I have always wanted to visit
and its beautiful history. Apart from the architectural allure of the place, Italy
as a country has always held a certain charm. I had read in books and watched
in movies of the little coffee shops and espresso bars lining Italian streets.
As a coffee lover and a serial café hopper, the strong coffee culture of Italy
was very attractive to me. Naturally, when debating on where to go for a summer
holiday, Italy Italy (specifically
) was top
of my list. Rome
It turns out that the CEO of Starbucks, Howard Schultz, has been asked that very question countless of times. His response has always been that Starbucks will eventually go into
Italy’s market, which brings up the question –
What is it about
that has preventing Schultz from entering even up till now? Italy
There is a huge difference in the original Italian coffee culture and the inspired Starbucks one. Italians pride themselves on uniqueness and diversity, whereas Starbucks is ultimately an American model that pursues growth through franchises. More fundamentally, Italians and Americans drink different types of coffee, namely espressos versus the American drip coffee. Italians also drink their espressos in the café itself, whereas the working American population is rarely seen without a cupboard cup of coffee in hand aboard the subway. Such differences, while seemingly insignificant and small, could seriously hamper a Starbucks foray into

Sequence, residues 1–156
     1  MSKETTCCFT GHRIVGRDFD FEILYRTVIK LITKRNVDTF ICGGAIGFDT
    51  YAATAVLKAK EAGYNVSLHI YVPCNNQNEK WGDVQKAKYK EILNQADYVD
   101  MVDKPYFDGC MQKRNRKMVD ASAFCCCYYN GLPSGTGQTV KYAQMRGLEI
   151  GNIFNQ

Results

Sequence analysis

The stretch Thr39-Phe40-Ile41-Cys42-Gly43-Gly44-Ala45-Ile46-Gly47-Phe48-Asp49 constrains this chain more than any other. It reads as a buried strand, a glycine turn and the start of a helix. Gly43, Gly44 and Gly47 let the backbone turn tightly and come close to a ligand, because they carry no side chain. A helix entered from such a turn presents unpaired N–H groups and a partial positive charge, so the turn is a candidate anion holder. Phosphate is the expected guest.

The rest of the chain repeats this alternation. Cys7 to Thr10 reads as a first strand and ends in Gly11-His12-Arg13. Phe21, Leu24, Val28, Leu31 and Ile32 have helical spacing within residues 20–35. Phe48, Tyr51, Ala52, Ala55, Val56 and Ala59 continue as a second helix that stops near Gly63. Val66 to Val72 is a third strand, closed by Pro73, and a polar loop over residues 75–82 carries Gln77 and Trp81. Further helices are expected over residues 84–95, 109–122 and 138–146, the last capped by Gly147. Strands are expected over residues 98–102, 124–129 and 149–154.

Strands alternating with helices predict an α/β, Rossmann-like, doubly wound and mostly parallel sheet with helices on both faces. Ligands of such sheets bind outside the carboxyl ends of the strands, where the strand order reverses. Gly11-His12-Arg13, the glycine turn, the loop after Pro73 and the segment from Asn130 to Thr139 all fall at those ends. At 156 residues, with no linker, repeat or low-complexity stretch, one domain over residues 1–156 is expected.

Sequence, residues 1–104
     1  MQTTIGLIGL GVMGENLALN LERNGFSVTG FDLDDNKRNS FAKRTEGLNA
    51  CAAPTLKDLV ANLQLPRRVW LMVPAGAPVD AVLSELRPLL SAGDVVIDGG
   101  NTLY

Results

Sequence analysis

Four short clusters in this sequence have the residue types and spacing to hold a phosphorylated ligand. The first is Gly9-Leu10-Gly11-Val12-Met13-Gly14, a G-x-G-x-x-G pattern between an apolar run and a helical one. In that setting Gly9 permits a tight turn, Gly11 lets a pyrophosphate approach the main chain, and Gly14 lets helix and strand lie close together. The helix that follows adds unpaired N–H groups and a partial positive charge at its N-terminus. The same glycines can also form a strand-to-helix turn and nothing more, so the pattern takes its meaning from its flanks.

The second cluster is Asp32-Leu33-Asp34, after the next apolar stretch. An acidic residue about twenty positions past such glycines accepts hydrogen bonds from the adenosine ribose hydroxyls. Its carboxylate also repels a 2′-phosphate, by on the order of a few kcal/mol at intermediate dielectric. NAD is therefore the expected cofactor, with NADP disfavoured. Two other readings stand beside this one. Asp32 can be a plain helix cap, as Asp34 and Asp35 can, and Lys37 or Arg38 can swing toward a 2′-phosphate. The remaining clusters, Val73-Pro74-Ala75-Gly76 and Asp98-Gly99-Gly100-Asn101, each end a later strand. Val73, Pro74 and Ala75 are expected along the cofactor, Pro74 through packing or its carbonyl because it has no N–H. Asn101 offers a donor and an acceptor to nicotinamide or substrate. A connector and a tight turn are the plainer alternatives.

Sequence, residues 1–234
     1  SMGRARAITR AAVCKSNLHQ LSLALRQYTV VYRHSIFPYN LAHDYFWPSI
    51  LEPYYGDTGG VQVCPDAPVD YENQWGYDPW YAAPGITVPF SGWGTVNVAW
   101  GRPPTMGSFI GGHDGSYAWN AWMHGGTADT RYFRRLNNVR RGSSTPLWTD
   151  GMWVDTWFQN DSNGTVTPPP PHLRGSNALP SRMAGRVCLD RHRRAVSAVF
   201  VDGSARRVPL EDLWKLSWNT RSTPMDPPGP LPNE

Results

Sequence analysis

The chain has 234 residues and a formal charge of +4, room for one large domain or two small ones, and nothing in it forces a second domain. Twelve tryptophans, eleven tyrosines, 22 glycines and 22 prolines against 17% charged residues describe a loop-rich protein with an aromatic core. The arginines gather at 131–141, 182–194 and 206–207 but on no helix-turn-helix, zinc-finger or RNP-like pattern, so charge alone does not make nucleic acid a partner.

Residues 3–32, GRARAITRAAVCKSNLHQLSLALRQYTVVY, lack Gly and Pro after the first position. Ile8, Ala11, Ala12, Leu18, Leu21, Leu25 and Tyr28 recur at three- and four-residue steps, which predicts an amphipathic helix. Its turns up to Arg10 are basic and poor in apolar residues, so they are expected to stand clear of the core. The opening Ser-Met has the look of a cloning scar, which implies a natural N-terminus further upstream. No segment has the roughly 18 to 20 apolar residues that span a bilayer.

Furthermore, could you imagine the humiliation if Starbucks were to venture into the Italian market, only to fail? Should the Italians stamp a seal of disapproval on the Starbucks brand, it would be a very embarrassing situation for the international coffee powerhouse. Coffee in
Italy is extremely
readily available and it would prove a daunting task for Starbucks to establish
a coffee franchise there. It is no wonder that Schultz has hesitated for so
long in bringing Starbucks to Italy.
Despite such reservations, there is potential for the Starbucks model in
Italians are normally quick about drinking their espressos because it tastes
the best when it’s fresh. Starbucks, on the other hand, has managed to create a
café culture in America (and
influenced many other regions of the world, including places like Singapore and China).
Rather than competing directly in the market for quick coffees, Starbucks
should capitalize on its strengths, which is creating comfortable environments
that serve yummy coffee for people to leisurely interact with one another, but
with an Italian touch. By carefully presenting a different way of enjoying not
just Italian-type coffee but also American-style coffee, Starbucks could very
well succeed in the country that inspired its birth. Judging by the success of
McDonald’s “McCafe” in Italy,
Starbucks should have more confidence that its brand will do well there.
However, of course, such things are always a lot easier said than done. Penetrating the Italian market will require a lot of careful strategizing to get it just right. We will just have to see when Howard Schultz decides its finally time to return “home”.